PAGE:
Interview with Christine Moore-Bonbright

Interview with Christine Moore-Bonbright

In a conversation with GCCA’s Gallery Director,  Christine Moore-Bonbright provides insight into her experience in the Brandon Fellowship at GCCA, the evolution of her art practice, and the impact of strong community support on her art career. As she continues to navigate her Fellowship experience through August, Christine’s stories will help other navigate life’s experiences through her digital illustrations.


Ben Tarcson, Gallery Director: Christine, I have had the pleasure of getting to know you as an artist over the past year, and you first came to the program as a traditional pen & ink / charcoal drawing artist. It now seems, roughly ¾ into the Fellowship, that you have changed course a bit. Has the Brandon Fellowship program given you the opportunity to adjust the trajectory of your art career? And how are you making art differently than when you entered?

Christine Moore-Bonbright, Brandon Fellow: So when I first entered the Fellowship, I had thought that I needed to continue creating the traditional drawing & painting works that I made in college. Those works I made in college were deeply personal to me and they touched on things like family, culture, and identity struggles. I think at first I felt a pressure from within and also an external pressure from my cultural community that I should or I have to continue making those works because I need to represent the communities that I belong to. I felt that pressure a lot and in the early months of the Fellowship, that led to some artistic stagnation and indecision. But as I came to be surrounded by the artists at GCCA, meeting with you and Brandon Fellow alumni, and participating in mentor critique meetings, it made me realize that I really should just create the art that I want. So I asked myself, what does my artistic trajectory actually look like?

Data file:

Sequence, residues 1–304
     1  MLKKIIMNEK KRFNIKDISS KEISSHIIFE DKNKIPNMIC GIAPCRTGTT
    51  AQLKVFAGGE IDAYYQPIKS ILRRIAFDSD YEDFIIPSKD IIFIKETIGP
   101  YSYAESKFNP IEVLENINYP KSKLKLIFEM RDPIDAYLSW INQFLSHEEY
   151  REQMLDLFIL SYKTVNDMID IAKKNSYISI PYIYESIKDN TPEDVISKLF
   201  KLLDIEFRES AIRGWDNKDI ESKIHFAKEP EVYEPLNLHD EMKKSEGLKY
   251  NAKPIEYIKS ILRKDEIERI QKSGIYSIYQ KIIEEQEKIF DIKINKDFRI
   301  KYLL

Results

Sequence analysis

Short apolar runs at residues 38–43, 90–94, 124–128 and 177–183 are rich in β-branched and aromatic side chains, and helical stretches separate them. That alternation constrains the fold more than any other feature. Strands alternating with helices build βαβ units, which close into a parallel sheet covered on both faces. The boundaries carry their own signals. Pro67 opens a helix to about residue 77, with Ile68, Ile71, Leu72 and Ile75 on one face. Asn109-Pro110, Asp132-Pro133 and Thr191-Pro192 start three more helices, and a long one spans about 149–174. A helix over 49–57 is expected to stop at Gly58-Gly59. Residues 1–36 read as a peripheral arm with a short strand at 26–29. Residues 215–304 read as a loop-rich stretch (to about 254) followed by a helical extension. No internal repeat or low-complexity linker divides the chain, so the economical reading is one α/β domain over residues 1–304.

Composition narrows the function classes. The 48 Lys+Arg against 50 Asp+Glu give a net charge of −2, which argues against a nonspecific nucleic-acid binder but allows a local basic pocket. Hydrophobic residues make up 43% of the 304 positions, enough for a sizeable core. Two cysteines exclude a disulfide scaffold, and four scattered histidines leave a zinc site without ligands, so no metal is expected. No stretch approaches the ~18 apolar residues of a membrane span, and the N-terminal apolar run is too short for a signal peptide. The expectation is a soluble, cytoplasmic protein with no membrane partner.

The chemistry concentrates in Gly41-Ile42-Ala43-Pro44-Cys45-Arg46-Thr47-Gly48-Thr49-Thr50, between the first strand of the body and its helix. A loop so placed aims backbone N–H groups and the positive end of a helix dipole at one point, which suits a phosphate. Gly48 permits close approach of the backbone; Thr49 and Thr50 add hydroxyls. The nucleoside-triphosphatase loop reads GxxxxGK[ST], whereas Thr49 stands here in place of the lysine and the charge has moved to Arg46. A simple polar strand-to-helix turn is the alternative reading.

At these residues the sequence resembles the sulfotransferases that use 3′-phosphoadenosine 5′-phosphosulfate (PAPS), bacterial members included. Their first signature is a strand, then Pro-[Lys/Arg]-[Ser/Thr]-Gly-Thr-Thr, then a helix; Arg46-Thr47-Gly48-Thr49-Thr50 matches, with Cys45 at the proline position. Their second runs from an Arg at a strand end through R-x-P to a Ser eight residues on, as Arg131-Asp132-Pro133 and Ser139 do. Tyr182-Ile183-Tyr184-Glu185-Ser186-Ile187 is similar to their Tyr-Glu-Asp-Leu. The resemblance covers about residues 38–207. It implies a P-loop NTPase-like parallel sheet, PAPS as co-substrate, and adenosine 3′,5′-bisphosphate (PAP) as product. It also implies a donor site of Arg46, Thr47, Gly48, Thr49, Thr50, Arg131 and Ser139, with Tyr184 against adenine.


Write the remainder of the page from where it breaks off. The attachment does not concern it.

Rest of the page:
While I still love traditional art like drawing with charcoal and it’s fantastic to have those technical skills from that medium, I found it isn’t the medium that will take me to where I want to go. Digital art really is the medium that I am most comfortable with, and I feel like where I create the best art that represents me and my experiences. I think I definitely see myself now, especially as sort of a representative of the digital art community here in Greenville.

A turning point of me wanting to move more into digital painting, character design, and comic work was when I was introduced to my mentor, Honie Beam. After working with her, honing in on what it is I want to accomplish, and getting endlessly fruitful feedback about my process, I felt comfortable doubling down on my new path. And I definitely think that my trajectory and the fellowship would have been different if stuck to my original plan in my traditional mediums, as I probably would have taken the time allotted to me through the Fellowship to explore another facet of my art identity.

Character reference sheet from Christine’s Black Sheep graphic novel

Ben Tarcson, Gallery Director: Let’s talk a bit more about the mentors and community you get to work with. Each Fellow gains access to critical, professional advice and networking opportunities from a mentor group of professional artists that are hand-picked each year to specifically meet the needs of that year’s Fellowship class. How important is having a community of support as you explore the themes and mediums you want?

Christine Moore-Bonbright, Brandon Fellow: After I moved to Greenville back in 2022, I very much felt isolated as an artist. I actually came to the 2022 Annual Showcase on a whim and was pleasantly surprised that a program like the Brandon Fellowship was being offered so I decided to apply the following year. The power of finding my community can not be understated. Not only having the professional support through connections I have made but more important are the friends that I have made through this process. Connecting with Brandon Fellow alumni and the GCCA community has created an atmosphere of belonging for me which has only emboldened my purpose as an emerging artist.